Unsolved mysteries: Whence Mrs. Calabash?

“According to legend in Calabash, N.C., comedian Jimmy Durante and his troupe passed through the little Brunswick County town sometime in the 1940s. While there, he made friends with a young restaurant owner.

“Brunswick County historian Susie Carson says that woman was Lucille ‘Lucy’ Coleman, a claim repeated in Theresa Jensen Lacey’s ‘Amazing North Carolina.’ Soon afterward, Durante adopted his trademark sign-off — ‘Good night, Mrs. Calabash, wherever you are!’ — for his radio show. According to Coleman’s daughter, Clarice Holden, and others, it was Durante’s anonymous tip of the hat to her mother, who died in 1989.

“Not everyone accepts this theory, though….”

— From “Who is Mrs. Calabash?” by Ben Steelman in the Wilmington Star News

Wilson was ready for its ABC store (was it ever!)

On this day in 1935: The first ABC store in North Carolina  opens in Wilson, with a line of customers waiting — so many that more than 100 had to be turned away at the 6 p.m. closing time.

— From “ABCs of N.C. liquor sales” by Ben Steelman, part of a fact-packed and entertaining Wilmington Star News project on “What We Drink in North Carolina.”


Reality takes bite out of Confederate spy tale

“It’s one of the more glamorous stories of the Cape Fear coast: Confederate spy  Rose O’Neale Greenhow, widow of a minor Washington bureaucrat and a sometime diplomat, is riding a blockade runner back into Wilmington. Her ship runs aground and she drowns in the Atlantic — weighed down by treasure sewn in the linings of her gown.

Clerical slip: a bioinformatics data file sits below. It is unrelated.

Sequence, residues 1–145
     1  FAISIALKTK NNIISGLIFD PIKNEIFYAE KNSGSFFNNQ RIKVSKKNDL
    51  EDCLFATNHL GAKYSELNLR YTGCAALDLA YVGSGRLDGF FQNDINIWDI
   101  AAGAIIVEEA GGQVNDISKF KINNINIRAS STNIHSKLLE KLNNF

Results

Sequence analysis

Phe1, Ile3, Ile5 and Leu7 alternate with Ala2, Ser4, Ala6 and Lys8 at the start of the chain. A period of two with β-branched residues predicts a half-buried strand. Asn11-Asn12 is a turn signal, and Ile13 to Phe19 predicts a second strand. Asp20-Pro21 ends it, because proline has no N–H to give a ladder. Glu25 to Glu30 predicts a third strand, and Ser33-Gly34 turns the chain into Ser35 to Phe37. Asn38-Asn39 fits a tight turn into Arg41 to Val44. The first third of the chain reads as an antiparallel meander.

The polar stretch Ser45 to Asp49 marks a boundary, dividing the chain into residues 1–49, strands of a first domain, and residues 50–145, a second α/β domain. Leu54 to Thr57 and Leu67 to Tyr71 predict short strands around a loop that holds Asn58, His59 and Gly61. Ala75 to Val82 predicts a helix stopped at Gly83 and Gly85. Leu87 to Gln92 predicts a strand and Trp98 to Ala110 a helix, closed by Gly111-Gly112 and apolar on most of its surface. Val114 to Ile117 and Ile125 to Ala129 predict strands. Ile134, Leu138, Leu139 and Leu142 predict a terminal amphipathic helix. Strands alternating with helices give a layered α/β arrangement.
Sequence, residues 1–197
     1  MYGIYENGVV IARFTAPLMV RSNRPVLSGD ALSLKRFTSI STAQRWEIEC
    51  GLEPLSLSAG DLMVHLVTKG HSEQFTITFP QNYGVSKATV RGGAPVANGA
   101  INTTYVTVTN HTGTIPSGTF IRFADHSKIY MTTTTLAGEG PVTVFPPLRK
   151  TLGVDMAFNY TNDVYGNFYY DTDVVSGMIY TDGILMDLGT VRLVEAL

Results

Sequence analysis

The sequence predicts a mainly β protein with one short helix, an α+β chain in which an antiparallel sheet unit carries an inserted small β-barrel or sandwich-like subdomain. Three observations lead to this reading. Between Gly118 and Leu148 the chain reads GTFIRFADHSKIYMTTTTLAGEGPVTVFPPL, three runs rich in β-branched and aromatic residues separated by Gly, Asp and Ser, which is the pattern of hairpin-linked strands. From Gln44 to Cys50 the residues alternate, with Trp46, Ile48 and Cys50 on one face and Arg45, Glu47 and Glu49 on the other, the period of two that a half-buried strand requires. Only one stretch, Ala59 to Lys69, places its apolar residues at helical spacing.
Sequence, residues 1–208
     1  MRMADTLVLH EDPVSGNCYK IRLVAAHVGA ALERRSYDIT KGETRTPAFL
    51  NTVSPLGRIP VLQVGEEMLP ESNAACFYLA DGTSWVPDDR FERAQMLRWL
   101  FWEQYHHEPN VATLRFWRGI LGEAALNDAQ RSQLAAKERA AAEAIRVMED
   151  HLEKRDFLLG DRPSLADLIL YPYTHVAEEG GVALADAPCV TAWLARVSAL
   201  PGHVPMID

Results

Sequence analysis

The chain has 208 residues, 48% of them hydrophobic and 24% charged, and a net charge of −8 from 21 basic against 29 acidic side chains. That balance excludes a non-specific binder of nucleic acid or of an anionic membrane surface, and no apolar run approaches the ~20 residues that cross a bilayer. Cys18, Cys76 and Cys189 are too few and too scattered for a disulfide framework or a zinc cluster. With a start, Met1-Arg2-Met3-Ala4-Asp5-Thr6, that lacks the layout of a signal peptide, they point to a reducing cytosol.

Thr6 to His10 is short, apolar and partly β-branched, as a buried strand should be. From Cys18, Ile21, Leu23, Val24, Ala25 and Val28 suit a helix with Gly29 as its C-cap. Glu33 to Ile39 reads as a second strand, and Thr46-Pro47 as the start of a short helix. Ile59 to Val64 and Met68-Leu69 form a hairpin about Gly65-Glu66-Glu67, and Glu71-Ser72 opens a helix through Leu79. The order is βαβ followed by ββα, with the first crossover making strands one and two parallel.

” ‘I kind of hate to bust people’s bubbles,’ said Chris Fonvielle,  historian at the University of North Carolina Wilmington….”

— From “Romantic story of shipwrecked Confederate spy is true, mostly” by Ben Steelman in the Wilmington Star-News  (June 9)


Editors hung up on hazardous holiday highways

“The StarNews continued its odd fascination with traffic-fatality predictions with the main headline on Page 1: ‘Memorial Day Weekend Traffic Toll Promises to Reach Appalling Mark.’

” ‘Safety experts,’ the story said, ‘stuck to their grim prediction that the period threatened to be “one of the most deadly we have ever recorded.” ‘ The article noted that so far the holiday weekend traffic death toll was averaging four fatalities per hour nationwide.”

— From a  50-years-ago “Back Then” item in the Wilmington Star-News (or, as it now styles itself, the StarNews)

The National Safety Council, formed in 1953 at the behest of President Eisenhower, continues to predict holiday weekend death tolls — here’s how —  but they no longer command much newsprint, even in Wilmington.